Microsoft Surface, Windows, and Seach revenue for FY22 Q2 blows past own expectations in a massive quarter

Surface Laptop 4 13 Intel Hero
Surface Laptop 4 13 Intel Hero (Image credit: Daniel Rubino / Windows Central)

What you need to know

  • Microsoft's More Personal Computing beat expectations with 17.47 billion in revenue.
  • Surface revenue grew by 8%, driven by Surface Laptop, despite expectations of a "single-digit decline" in revenue due to supply chain issues.
  • Windows OEM licensing was up by a massive 25%, driven by continued growth in the PC market.
  • Search and news advertising revenue grew 32% with improved customer advertising spend.

Update January 25, 2022, at 6:25 p.m. ET: Comments from Microsoft's FY22 Q2 earnings call have been added to the end of this report.

Microsoft reported its FY22 Q2 earnings this afternoon, and it was a doozy. The company reported overall revenue was $51.7 billion up 20% over the same period in 2020.

Under the More Personal Computing division, which includes Windows licensing, Surface, Xbox, and Bing, the company reported a substantial $17.47 billion, a 15% increase of the same period in 2020. Microsoft had anticipated More Personal Computing to bring in between just $16.35 and 16.75 billion during investor guidance last October.

Source: Microsoft (Image credit: Source: Microsoft)

Microsoft's Surface broke $2 billion this time in 2020. While we don't have a dollar amount to report (Microsoft stopped sharing those in the previous quarter), it did better than expected with 8% growth for the 2021 holiday season.

Microsoft had predicted much worse numbers during its last investor call, expecting a single-digit decline in Surface revenue, calling out the impact on premium devices due to ongoing supply chain issues.

Microsoft says Surface revenue was driven primarly by Surface Laptop, which is interesting.

Last quarter, Microsoft reported a sharp 17% decline compared to October 2020, due to those supply chain constraints.

Indeed, only recently did Microsoft start running national TV ads in the US for the new Surface Pro 8, suggesting it is finally getting its supply chain back up and running. The company is also finally releasing LTE and business versions of its latest Surface devices, as well as expanding Surface Laptop Studio to other countries like the UK.

Source: Daniel Rubino / Windows Central (Image credit: Source: Daniel Rubino / Windows Central)

Surface Laptop Studio, so far, has only launched in the United States and Canada, but it is expected to launch in 47 other markets in the coming months.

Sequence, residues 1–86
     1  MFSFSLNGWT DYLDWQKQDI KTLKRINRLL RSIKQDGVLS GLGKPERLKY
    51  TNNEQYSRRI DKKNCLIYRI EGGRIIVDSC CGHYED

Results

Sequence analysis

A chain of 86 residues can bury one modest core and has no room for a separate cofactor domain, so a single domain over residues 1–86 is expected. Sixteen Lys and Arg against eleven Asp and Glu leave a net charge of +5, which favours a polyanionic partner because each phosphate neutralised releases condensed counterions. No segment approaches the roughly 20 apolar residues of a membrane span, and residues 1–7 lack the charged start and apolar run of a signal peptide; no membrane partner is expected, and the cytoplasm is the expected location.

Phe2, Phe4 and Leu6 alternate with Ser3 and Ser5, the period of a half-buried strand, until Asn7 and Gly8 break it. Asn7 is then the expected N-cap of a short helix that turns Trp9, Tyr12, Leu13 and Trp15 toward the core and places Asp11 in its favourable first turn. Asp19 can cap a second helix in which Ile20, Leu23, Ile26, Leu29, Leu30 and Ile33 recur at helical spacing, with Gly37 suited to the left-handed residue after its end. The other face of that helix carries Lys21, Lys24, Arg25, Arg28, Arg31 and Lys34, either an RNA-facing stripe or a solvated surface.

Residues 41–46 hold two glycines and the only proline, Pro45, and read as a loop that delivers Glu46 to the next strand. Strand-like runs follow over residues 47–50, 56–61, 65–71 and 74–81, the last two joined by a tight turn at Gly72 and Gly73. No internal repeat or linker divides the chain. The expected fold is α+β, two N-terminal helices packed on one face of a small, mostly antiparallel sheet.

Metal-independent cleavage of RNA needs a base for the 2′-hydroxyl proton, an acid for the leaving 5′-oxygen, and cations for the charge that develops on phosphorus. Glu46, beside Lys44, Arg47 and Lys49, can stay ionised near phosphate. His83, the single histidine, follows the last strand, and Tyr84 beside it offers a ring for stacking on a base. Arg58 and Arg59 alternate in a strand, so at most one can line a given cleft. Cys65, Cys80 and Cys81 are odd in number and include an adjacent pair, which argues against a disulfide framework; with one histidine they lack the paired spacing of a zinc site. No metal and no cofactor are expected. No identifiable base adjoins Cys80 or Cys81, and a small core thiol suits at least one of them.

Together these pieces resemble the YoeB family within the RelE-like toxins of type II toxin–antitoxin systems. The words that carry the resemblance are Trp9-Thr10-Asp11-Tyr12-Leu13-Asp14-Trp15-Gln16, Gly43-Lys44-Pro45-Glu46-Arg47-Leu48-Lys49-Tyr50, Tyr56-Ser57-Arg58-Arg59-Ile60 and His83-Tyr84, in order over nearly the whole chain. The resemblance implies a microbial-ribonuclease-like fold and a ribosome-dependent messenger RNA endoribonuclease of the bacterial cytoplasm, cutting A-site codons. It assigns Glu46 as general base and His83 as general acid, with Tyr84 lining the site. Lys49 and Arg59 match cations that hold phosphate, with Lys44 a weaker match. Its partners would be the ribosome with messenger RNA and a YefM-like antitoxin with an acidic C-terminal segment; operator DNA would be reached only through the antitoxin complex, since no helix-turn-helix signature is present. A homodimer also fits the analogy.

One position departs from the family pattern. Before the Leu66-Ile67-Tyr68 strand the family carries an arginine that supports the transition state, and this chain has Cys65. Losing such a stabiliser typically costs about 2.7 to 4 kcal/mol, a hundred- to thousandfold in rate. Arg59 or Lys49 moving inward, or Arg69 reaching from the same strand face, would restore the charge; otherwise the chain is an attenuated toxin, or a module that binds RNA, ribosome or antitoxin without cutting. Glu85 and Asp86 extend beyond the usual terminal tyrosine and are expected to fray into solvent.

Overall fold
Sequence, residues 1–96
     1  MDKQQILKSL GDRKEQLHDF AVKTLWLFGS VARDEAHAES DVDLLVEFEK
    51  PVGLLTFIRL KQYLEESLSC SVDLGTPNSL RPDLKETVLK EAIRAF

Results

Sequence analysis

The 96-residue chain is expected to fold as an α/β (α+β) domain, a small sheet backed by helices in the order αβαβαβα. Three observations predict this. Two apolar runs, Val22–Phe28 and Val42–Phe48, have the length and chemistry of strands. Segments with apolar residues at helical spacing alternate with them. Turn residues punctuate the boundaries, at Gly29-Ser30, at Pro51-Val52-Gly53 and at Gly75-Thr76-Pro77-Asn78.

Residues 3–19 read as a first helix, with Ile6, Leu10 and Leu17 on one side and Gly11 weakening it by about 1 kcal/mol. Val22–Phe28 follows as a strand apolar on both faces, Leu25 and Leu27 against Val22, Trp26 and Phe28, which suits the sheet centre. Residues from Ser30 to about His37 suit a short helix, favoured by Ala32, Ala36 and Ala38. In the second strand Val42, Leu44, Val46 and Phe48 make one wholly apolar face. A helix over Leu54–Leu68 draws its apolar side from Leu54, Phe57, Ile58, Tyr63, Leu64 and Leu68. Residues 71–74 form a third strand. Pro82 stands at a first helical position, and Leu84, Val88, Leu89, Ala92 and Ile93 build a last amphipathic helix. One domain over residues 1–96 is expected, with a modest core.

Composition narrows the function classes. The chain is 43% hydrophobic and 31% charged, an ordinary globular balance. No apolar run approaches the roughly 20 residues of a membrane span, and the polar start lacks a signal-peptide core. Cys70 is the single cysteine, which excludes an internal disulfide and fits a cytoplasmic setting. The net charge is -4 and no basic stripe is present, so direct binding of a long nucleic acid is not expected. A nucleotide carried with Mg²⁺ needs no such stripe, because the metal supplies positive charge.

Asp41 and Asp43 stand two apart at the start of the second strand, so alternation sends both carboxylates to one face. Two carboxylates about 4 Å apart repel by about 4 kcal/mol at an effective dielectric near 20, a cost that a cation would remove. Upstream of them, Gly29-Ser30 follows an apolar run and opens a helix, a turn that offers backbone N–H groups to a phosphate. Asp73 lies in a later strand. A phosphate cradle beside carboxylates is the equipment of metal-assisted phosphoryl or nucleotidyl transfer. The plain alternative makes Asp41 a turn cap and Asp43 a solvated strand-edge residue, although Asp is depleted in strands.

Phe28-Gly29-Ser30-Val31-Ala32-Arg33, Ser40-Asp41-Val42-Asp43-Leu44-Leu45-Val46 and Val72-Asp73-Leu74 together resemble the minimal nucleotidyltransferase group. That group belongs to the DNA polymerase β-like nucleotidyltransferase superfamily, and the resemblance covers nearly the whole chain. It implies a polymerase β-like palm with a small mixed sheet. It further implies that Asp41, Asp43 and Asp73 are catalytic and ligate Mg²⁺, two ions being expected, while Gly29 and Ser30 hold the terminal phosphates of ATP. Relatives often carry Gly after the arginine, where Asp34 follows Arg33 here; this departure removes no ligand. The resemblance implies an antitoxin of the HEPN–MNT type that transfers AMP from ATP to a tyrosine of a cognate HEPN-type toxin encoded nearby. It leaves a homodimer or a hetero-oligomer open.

Turning to Windows OEM licensing, Microsoft expected growth this quarter in the "low to mid-teens" in its recent guidance. Today, it reported that revenue was up by 25%, blowing past its expectations.

The news lines up with OEM revenue from more significant PC makers like Dell, Lenovo, and HP, who all beat estimates and set records for their most recent quarters. It also accords with reports from Canalys and Gartner that 2021 was the best year for PC shipments since 2012, even despite a slight dip during the recent holiday season.

During last quarter's investment call, Microsoft CEO Satya Nadella notes a "structural shift in PC demand" due to the pandemic. Microsoft CFO Amy Hood remarked that Windows OEM revenue was "stronger than expected" due to commercial interest with higher rev per Windows license.

Windows Commercial Products, which includes Microsoft 365, was also up by a healthy 13% compared to year-over-year (YoY).

Search, and news advertising related to Bing and had its revenue grow by a whopping 32% with "improved customer advertising spend."

Finally, Xbox and gaming were also up 8% in revenue YoY with steady growth for Xbox across hardware, games, and services.

What's next

During the investor call, Microsoft delivered its forward-looking statement. It expects Surface revenue to grow next quarter (FY22 Q3) in the "mid-teens" driven by the demand for premium devices. Windows OEM revenue growth is also expected in the "high single digits." Overall revenue for the entire More Personal Computing division is anticipated to range from $14.15 to $14.45 billion. If accurate, that would be up from $13 billion in the same period for 2021.

Daniel Rubino

Daniel Rubino is the Editor-in-chief of Windows Central. He is also the head reviewer, podcast co-host, and analyst. He has been covering Microsoft since 2007, when this site was called WMExperts (and later Windows Phone Central). His interests include Windows, laptops, next-gen computing, and watches. He has been reviewing laptops since 2015 and is particularly fond of 2-in-1 convertibles, ARM processors, new form factors, and thin-and-light PCs. Before all this tech stuff, he worked on a Ph.D. in linguistics, watched people sleep (for medical purposes!), and ran the projectors at movie theaters because it was fun.